Assembly

How to add a watermark to SOLIDWORKS Parts and Assemblies [VIDEO]

SOLIDWORKS Part Assembly Watermark

Before SOLIDWORKS 2016 it was only possible to add a watermark to a drawing. But SOLIDWORKS 2016 introduced new functionality that makes it possible to add a watermark to your Part and Assembly documents. You have the option to display the watermark on top of the model or behind it, with the ability to adjust the transparency. Applying a SOLIDWORKS Watermark To add a SOLIDWORKS watermark to a part or assembly document you have to follow these steps which are outlined in the tutorial video below: In the FeatureManager design tree, expand Annotations. Right-click Notes Area and click Activate. Click Insert > Annotation > Note. Create the note for the watermark. Right-click the note and click Watermark from the shortcut menu. In the PropertyManager, under Watermark you can set the watermark to be either on top of the model or behind it, and set a transparency value.

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SOLIDWORKS Quick Trick: Propagate Feature to Assembly Parts

Many times in SOLIDWORKS, it makes sense to create features at the assembly level. Sometimes this can be due to a Top-Down approach to assembly modeling, sometimes you’ve taken a bottom-up approach and you want to make an exception for a single feature. Let’s say you want to add a clearance hole through multiple components and you want the hole to line up. Rather than creating the same feature in all the components by opening up each one and adding the feature, it is faster and easier to add an Assembly Feature. With an Assembly Feature, you can create the feature at the assembly-level. Here are some of the features you can create: Extruded cut Revolved cut Holes (Hole Series, Hole Wizard, and Simple Hole) Swept cut Fillets Chamfers With these features, you also the option to display the feature at the assembly-level only (such would be the case if I…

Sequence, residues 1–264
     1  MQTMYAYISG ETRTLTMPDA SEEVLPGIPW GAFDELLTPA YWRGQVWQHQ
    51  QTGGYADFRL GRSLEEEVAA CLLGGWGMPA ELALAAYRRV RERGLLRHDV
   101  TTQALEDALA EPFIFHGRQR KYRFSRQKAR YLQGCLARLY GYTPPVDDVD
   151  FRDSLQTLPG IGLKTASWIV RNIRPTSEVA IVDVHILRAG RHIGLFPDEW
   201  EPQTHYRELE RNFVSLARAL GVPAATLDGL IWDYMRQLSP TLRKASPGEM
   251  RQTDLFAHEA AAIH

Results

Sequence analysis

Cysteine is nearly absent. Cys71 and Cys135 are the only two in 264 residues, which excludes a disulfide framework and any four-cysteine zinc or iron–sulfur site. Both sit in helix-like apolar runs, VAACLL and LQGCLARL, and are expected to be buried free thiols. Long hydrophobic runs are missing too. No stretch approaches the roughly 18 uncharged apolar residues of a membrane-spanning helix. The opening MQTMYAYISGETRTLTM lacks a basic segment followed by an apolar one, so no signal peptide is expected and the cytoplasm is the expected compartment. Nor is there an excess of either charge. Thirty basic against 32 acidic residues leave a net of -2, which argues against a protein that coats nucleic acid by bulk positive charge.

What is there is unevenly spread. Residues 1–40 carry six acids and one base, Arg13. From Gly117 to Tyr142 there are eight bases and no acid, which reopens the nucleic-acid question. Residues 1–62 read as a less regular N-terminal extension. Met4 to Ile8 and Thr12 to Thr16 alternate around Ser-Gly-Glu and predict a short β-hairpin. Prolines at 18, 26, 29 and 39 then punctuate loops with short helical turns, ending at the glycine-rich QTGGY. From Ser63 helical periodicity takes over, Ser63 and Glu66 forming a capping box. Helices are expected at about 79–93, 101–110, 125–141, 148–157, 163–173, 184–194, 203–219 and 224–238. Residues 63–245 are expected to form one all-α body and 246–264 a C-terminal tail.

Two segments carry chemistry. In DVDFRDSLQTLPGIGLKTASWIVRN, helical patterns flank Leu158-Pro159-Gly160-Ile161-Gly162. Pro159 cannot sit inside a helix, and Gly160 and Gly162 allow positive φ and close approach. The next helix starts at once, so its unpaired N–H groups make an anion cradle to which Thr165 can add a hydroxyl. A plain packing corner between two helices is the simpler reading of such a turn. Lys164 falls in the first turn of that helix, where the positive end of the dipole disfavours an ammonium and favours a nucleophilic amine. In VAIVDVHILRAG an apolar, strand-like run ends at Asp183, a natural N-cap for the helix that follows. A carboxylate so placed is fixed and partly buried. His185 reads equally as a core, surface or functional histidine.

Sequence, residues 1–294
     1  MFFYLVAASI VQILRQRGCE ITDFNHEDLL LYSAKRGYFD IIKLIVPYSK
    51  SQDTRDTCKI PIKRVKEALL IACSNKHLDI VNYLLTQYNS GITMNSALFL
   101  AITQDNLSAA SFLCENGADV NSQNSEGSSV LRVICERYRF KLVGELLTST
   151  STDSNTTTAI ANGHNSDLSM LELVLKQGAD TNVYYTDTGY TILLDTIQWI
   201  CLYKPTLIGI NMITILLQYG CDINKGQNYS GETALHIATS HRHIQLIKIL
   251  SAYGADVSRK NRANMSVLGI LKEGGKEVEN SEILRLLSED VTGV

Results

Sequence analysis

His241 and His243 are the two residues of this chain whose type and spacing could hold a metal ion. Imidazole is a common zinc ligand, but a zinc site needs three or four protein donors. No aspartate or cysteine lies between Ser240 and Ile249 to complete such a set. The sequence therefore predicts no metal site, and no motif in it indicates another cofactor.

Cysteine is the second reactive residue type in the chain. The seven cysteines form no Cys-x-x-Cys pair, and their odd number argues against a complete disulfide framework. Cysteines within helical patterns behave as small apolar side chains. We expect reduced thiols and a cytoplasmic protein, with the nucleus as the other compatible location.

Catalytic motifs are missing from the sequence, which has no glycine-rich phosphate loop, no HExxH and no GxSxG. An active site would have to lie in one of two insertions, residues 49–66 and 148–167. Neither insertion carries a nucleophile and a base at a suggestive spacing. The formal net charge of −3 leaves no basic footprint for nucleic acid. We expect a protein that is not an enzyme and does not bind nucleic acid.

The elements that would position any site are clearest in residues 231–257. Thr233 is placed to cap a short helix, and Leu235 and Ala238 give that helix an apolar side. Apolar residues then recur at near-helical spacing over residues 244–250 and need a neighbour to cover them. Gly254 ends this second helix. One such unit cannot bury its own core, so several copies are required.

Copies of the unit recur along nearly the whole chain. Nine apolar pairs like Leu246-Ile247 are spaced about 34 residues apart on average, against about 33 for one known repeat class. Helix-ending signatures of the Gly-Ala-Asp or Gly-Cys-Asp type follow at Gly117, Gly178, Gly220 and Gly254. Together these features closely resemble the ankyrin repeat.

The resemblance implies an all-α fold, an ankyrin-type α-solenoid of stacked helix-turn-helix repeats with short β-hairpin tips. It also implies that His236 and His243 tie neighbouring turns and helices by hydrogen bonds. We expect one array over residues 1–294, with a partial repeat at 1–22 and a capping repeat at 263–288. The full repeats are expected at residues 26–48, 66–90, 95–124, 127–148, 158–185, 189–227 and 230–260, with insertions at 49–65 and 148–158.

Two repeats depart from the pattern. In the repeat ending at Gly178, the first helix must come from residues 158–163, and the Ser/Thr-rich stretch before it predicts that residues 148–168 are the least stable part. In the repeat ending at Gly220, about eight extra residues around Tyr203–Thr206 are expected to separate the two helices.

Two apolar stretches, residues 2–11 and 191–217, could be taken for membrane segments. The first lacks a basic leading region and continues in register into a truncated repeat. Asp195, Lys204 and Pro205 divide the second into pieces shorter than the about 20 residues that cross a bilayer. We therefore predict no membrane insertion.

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SOLIDWORKS Multiple Mate Mode

Often times, in SOLIDWORKS, we will need to apply multiple mates of a similar type in an assembly. There is an option called SOLIDWORKS Multiple Mate Mode that can accomplish this. This process works with all kinds of mates, but it’s easily demonstrated here with the concentric mate. Please consider the following assembly: Looking at the assembly, there is one bolt, 3 washers, 3 lock washers and 3 nuts. Using traditional mate selection methods, you would require 18 selection clicks. What if I told you it could be done in 10? Let’s check it out. If I launch the mate command from the toolbars, I take notice of the button indicated: Using this button changes the interface on the side a bit. It allows me to select one as a common reference (in my example, the cylindrical face on the bolt) and then select as many other references as I…

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Reduce SOLIDWORKS Large Assembly Load Time & Optimization Techniques [VIDEO]

When loading a SOLIDWORKS Large Assembly did it take so long that you were able to run to the coffee shop across the road and return to a still loading file? Slow load time for large assembly files in SOLIDWORKS is a common issue for users, but we can help with that…fill out the form below to watch our recorded webinar to learn the latest large assembly optimization techniques. Here are five good reasons why you should watch the recorded webinar: Learn how to simplify complex geometry fast, without losing visual details. Become more proficient in design reviews when presenting large assemblies. Visually locate and open component files faster. Manage assembly configurations more effectively. Protect intellectual property when sending files to customers and suppliers (give them only what they need). Customer Case Study: Reducing SOLIDWORKS Large Assembly Load Time from 20 Mins to 20 Secs! Like many users who face this issue, you may have found yourself implementing strategies that range from “googling” to posting on…